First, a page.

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Morningstar to Alter 'Star' System

Investing: Mutual fund ratings will be based on performance within specific categories rather than broad asset class.

April 23, 2002|JOSH FRIEDMAN | TIMES STAFF WRITER

Morningstar Inc. said Monday it will overhaul its 17-year-old mutual fund "star" ratings, seeking to make the widely quoted performance snapshots more useful to investors and less swayed by market tailwinds and headwinds.

Starting in July, the star ratings will be based on individual stock and bond funds' risk-adjusted performance compared with their peers in more than 40 specific fund categories, such as large-cap growth stock funds or long-term government bond funds.

Currently, a fund's performance is measured against its broad asset class, such as all U.S. stock funds or all taxable bond funds.

The star ratings (from 1 to 5, with 5 the top rating) also will put more emphasis on volatility of performance, giving an edge to consistent managers and penalizing those whose funds have been prone to major swings, Chicago-based Morningstar said.

The changes should help investors better determine whether managers are "adding value" within their specific fund categories, said Russel Kinnel, Morningstar's director of fund analysis. Managers will no longer get a boost, or be penalized, simply because their fund category has been in or out of favor in recent years, Kinnel said.

Star ratings are based on three-, five- and 10-year returns, as available; funds newer than 3 years old are not assigned stars.

Ten of the 25 biggest stock and bond funds will see their star ratings change under the new system, according to Morningstar projections. American Funds' Growth Fund of America, for example, a standout in the slumping large-cap growth category, would get 5 stars rather than the current 4; conversely, Putnam Growth & Income, which has benefited from being in the relatively unscathed large-cap value category, would be downgraded to 2 stars from 3.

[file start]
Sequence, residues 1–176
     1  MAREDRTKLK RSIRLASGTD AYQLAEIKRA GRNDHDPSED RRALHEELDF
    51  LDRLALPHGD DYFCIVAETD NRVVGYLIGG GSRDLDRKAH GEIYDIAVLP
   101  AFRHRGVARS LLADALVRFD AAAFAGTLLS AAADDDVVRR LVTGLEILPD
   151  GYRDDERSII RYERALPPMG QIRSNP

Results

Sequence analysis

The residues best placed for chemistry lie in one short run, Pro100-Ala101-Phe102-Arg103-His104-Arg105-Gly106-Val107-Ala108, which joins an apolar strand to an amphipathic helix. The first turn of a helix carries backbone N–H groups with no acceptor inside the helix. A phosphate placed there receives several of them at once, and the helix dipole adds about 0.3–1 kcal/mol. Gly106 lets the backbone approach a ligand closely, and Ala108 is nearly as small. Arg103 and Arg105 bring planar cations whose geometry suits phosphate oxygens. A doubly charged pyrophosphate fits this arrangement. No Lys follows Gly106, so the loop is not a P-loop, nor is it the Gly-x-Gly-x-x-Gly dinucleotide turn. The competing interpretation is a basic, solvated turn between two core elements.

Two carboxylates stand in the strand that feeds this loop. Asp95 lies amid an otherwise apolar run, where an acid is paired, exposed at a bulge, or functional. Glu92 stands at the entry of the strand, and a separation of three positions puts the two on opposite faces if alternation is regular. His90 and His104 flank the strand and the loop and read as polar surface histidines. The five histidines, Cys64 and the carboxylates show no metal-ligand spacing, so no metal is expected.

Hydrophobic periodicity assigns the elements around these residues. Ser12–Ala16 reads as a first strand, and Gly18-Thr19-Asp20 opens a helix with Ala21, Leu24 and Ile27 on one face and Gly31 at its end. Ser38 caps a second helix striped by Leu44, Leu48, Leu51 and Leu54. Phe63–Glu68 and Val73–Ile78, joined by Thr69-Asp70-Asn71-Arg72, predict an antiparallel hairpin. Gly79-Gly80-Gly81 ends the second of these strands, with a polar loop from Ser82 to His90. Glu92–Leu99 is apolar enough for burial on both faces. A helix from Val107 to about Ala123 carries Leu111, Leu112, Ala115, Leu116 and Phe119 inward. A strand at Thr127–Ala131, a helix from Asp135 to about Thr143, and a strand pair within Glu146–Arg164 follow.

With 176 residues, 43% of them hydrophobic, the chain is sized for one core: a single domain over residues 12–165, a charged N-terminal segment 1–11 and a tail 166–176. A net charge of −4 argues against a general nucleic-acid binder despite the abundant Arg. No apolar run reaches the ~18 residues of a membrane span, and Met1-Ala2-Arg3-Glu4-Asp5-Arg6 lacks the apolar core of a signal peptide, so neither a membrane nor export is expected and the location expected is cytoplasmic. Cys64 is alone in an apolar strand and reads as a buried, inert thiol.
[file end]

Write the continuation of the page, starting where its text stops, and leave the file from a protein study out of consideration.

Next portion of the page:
The new star system will be similar to Morningstar's current "category ratings" system, which will be dropped.

Kinnel said the change won't matter much to many financial advisors and Morningstar clients who recognized the shortcomings of the old system. But he said the shift should make the star ratings more reliable for those who see them quoted in fund advertising and use them as a "quick shorthand" for finding investment ideas.

Irvine-based financial planner Victoria Collins agreed. "Anything Morningstar can do to improve the ratings will help," she said. "Knowing that people use them in a simplistic way, at least they should be as accurate as possible. The general public has come to rely on the star rating system."

Bart Francis, president of Evensky, Brown & Katz, a wealth management firm in Coral Gables, Fla., said his firm ignores the current star ratings, though "some clients use them to make a quick cut, or they may ask us why a particular manager has four stars while someone else has five." For investors who follow the ratings, "comparing funds against their peers only makes sense," Francis said.

As an example of how the star ratings landscape will change, of the 109 small-cap "value" stock funds that have a three-year track record, currently 60 get 5 stars and none gets 1 star, said Morningstar analyst Christopher Traulsen. Under the new system, the distribution will even out: At least 11 of the funds will be rated 5 stars and at least 11 will be rated 1 star (the actual numbers may vary because of multiple share classes).

Morningstar will use a bell curve to award stars: Ten percent of funds in each category will get 1 star and 10% will get 5 stars; 22.5% will get two stars and 22.5% will get four stars; 35% will get 3 stars.

The changes will almost certainly alter how some fund companies market their funds in ads or investor literature, analysts said.

Four- and 5-star funds have gotten strong net cash inflows from investors every year since 1999 and so far this year, according to Boston-based data tracker Financial Research Corp., whereas 1-, 2- and 3-star funds, as a group, have seen consistent outflows. Fund flows measure new money invested minus redemptions.

But it's unclear whether performance-chasers rely on star ratings or raw returns, Traulsen said. Funds that are too new to be rated by Morningstar also have gotten strong net cash inflows in recent years, Financial Research data show--perhaps because they have been launched in strong categories.

More information about the new ratings is available on the Web at www.morningstar.com.

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